Most people associate sustainability with protecting the environment but it is much more than that. Sustainability is often defined as meeting the needs of today without compromising the ability of future generations to meet their own. The triple bottom line – planet, profit and people – involves working to preserve the environment while keeping the organisation financially stable. It is also concerned about people and the society within which it operates.
The business case for supply chain sustainability is growing as it is seen as vital to delivering long-term profitability. 93% of the world’s 250 biggest companies report on sustainability. It is now a mandatory requirement for listed UK companies that have more than 500 employees to report on their sustainability objectives and performance against targets. Some of the global fast-moving-consumer-goods (FMCG) companies that are regarded as leaders in sustainable supply chain management are Coca Cola, Nestle, L’Óreal, Proctor and Gamble, Unilever and Nike.
The influence of the consumer
Consumers are increasingly expecting their products to be made and distributed ethically without negatively impacting the environment, and by not depleting natural resources. They are also concerned about food waste and plastic packaging. They want to see consumer-facing-companies exhibit sustainable practices in their businesses like concerning themselves with human rights, limiting their carbon emissions and reducing their use of non-renewable energy and water.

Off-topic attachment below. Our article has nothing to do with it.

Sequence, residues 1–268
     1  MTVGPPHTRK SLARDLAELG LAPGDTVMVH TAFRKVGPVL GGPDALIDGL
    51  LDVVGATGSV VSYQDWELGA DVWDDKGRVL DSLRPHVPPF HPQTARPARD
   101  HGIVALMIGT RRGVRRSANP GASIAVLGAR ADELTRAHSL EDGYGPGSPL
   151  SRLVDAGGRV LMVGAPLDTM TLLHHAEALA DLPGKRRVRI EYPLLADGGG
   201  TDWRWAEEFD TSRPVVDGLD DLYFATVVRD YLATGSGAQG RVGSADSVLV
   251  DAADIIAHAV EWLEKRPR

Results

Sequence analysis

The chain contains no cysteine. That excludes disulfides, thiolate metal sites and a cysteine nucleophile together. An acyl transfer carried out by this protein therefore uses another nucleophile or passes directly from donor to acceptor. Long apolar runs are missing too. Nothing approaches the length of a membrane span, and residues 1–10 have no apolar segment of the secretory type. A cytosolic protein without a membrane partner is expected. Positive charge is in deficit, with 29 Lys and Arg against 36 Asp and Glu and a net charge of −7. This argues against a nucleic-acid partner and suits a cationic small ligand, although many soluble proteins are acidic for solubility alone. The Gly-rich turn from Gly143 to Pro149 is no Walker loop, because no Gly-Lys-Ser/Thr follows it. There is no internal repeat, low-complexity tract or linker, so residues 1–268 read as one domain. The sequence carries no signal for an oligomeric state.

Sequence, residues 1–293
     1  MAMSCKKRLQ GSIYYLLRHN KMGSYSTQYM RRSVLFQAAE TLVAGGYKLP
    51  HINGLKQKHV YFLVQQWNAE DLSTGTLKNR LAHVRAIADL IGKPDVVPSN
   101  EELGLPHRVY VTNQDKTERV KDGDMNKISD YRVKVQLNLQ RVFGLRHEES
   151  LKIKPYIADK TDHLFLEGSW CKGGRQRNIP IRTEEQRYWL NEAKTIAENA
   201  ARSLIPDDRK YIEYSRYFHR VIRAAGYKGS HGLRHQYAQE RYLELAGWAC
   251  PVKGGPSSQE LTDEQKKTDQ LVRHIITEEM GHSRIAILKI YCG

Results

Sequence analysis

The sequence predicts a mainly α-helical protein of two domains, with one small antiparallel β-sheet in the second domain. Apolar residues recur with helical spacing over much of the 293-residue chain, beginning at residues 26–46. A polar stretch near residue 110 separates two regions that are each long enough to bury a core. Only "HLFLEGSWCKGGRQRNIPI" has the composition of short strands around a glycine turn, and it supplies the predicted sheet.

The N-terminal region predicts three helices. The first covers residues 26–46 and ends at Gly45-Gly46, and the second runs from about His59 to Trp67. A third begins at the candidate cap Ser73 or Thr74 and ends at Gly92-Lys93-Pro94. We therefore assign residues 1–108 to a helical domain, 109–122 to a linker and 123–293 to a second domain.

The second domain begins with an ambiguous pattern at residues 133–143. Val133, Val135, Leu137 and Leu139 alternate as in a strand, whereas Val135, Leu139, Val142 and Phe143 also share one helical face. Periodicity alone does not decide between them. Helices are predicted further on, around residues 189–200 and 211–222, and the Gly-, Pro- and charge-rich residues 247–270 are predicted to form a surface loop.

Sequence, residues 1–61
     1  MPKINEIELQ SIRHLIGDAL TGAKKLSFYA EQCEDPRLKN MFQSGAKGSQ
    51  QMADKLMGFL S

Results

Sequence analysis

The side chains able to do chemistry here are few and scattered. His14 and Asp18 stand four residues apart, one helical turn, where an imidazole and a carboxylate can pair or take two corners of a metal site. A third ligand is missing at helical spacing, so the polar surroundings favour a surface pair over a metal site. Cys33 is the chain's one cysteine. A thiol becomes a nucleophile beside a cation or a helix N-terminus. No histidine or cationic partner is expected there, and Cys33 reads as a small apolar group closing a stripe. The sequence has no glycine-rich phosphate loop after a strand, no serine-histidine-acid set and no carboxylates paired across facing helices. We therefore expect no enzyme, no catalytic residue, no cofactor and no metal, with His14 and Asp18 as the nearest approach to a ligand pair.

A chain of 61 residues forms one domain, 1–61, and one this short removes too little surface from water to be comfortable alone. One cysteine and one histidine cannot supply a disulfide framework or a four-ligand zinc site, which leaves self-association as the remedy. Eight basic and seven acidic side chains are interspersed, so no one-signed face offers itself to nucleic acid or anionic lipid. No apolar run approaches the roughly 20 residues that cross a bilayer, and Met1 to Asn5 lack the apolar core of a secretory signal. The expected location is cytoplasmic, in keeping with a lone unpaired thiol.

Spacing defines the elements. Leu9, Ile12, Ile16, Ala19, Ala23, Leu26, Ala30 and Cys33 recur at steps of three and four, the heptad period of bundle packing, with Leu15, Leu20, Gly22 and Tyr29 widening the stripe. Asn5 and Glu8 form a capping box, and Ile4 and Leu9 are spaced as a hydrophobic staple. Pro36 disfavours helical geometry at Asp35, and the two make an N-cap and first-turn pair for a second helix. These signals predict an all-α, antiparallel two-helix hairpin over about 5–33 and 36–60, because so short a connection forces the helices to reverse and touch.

People care about the seasonal availability of food and its provenance. They want to limit their carbon footprint by buying local produce. The UK government recently published guidance that stated that it would maintain its current set of standards on food safety, food labelling and food quality, despite Brexit.
Nielsen, the market research company, reports that 66% of global customers surveyed are willing to pay more for sustainable goods. Customers are looking for:
- Sustainable products that are biodegradable, environmentally sustainable, and ethically sourced
- Manufacturing processes that strive for zero waste and impact the environment minimally while increasing health and safety numbers
- Logistics processes that optimize loads to reduce mileage, emissions, and carbon footprint
- Assets that are designed and operate in an energy-efficient manner and are safe for the environment and workforce
- Adherence to environmental and government regulations and standards such as the initiatives outlined in both the United Nations Sustainable Development Goals.
The Coca-Cola Company
Coca-Cola aims to grow its global juice business significantly by 2020 so sustainably sourcing fruit for its juice products becomes increasingly important. The company estimates that it will have reached 54 per cent of its goal to sustainably source its lemon by 2020. Half of Coca-Cola’s lemon is sourced from Argentina, with 90 per cent of the country’s supply for Coca-Cola sustainably sourced. What they mean by ‘sustainably sourced’ is that farm suppliers meet certain standards set for them, among other things, relating to human and workplace rights, environmental protection, and responsible farming management.